The Giants didn't have a whole lot of resources - money or prospect - to make many changes.  They did give up one of their best pitching prospects, Scott Linebrink, for Doug Henry.  Henry will help solidify the bullpen, but the starting rotation is still the real issue with the Giants.  And the fact that they were only able to get a middle reliever for one of their best starting prospects just illustrates how devoid of talent that farm system is now.

The Dodgers also made some trades in an effort to stay in the race, but like their crosstown AL counterparts, it remains to be seen how much they'll help.  They got Ismael Valdes back from the Cubs, but he's still basically the same pitcher they were fed up with last year.  They also got Tom Goodwin to help in centerfield, but he's not gonna be much help.  The Dodgers biggest need is a lead-off guy, or at least someone who can get on base near the top of the order.  They had Devon White and Todd Hollandsworth assigned to the roles and both failed.  Tom Goodwin's career on base is only marginally higher, largely on the strength of 4 months playing at Coors this year.

Everyone else

That's it for the "contending" teams, but other teams made some improvements as well.

The Pirates received outfielder Alex Ramirez and infielder Enrique Wilson in exchange for Wil Cordero.  While neither is a can't miss prospect, Ramirez should at least be as good as Cordero in a year or two and WIlson might already be as good as current Bucs' shortstop Pat Meares.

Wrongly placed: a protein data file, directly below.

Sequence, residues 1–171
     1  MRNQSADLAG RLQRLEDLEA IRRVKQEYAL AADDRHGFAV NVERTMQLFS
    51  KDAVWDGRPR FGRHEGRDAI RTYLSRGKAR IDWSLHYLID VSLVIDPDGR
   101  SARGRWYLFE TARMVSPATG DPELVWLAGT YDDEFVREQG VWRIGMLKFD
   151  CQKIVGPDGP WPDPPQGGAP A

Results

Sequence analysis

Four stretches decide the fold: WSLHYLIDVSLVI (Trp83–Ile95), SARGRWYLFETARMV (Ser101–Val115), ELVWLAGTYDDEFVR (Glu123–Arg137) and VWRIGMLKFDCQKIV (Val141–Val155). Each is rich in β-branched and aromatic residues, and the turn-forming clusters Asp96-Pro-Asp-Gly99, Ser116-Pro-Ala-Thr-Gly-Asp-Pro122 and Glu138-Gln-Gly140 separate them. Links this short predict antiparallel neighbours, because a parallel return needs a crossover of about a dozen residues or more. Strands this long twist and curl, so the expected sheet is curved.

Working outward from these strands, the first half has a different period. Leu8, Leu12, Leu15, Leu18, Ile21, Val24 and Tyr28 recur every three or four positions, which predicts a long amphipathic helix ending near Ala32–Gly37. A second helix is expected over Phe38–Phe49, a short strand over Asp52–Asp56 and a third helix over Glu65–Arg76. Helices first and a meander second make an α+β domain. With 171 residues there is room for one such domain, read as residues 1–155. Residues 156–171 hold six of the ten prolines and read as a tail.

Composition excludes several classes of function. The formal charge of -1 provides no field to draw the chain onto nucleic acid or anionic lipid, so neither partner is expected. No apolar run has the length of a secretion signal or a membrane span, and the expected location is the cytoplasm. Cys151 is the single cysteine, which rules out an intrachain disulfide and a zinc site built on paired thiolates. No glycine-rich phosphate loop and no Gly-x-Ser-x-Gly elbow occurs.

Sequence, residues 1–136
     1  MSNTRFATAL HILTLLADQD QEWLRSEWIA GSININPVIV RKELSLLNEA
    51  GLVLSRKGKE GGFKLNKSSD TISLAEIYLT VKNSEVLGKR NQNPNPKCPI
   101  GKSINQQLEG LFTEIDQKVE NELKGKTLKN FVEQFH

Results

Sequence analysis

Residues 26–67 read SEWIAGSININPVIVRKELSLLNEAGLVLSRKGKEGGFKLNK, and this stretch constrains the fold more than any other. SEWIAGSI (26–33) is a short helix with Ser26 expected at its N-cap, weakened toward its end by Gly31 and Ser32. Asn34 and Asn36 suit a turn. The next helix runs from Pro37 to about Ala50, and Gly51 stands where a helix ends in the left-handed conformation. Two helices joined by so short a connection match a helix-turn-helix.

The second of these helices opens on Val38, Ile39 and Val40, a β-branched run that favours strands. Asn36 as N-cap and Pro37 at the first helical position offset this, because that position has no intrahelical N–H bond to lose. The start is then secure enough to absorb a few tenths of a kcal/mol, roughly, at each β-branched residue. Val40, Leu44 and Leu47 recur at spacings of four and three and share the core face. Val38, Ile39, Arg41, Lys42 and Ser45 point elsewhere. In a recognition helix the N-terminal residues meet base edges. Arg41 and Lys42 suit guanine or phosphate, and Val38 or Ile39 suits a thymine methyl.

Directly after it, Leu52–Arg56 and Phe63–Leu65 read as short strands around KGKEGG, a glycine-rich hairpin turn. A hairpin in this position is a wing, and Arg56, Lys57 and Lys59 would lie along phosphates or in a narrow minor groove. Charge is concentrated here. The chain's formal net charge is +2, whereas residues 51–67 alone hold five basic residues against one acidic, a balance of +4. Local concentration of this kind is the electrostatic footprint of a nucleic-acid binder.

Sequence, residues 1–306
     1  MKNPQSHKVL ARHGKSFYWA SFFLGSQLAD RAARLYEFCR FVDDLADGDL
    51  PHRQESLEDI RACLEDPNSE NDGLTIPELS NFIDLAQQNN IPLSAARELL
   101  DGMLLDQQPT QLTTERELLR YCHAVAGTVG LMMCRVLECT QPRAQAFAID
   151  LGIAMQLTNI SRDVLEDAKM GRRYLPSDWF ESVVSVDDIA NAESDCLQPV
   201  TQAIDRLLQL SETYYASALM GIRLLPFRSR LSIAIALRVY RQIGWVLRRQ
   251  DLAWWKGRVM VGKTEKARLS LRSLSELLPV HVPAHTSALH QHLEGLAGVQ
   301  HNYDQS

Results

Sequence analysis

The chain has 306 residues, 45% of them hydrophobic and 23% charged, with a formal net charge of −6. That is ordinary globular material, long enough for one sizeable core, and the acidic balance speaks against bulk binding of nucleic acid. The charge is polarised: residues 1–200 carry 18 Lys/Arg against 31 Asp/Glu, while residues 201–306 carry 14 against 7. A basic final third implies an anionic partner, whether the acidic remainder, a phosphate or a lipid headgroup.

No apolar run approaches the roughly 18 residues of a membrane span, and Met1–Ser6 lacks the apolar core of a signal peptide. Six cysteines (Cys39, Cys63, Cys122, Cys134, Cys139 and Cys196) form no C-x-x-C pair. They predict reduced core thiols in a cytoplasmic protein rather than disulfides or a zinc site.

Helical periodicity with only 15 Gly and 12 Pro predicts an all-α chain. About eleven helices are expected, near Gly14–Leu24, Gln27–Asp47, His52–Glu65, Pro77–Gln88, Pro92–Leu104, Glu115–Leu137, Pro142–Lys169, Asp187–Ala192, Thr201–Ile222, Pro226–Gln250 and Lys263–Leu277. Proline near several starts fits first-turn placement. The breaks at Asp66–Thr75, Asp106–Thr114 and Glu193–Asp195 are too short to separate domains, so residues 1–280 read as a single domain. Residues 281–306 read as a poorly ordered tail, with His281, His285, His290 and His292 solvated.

The Phillies gave up 2 quality pitchers but in return got 3 quality starting prospects - Chen, Osting and Figueroa - a potential closer in Padilla, and a hitter who has great potential in Lee.  They also got a serviceable reclamation project in Daal.  If they can get his mechanics fixed, they'll have a former 16 game winner for his peak years.

The Devil Rays got two very good prospects in return for the talent they peddled.  Jesus Colome projects to be another bartolo COlon without all the injuries.  And Brent Abernathy looks very promising as a second baseman and lead-off hitter.

The Cubs managed to turn Henry Rodriguez into Rondell White via trades and the only added expense was lefty Scott Downs.  This will turn out to be a huge upgrade, a la Andre Dawson, next year, although I don't think White will ever top 40 homers.  The Cubs already have Mike Meyers, Carlos Zambrano and Ben Christiansen waiting in the wings, and Kerry Wood and Jon Lieber secured for next year.  If they can keep Kevin Tapani and this year's bullpen finds - Van Poppel, Worrell, Rain - the Cubs will be very close to contending next year.

The Expos, on the other hand, dumped some salary, opened up an outfield spot for one of their three excellent outfield prospects (Bergeron, Bradley and Brad Wilkerson) and picked up a quality lefty to complement their young right-handed studs Pavano, Vasquez, Hermanson and Armas.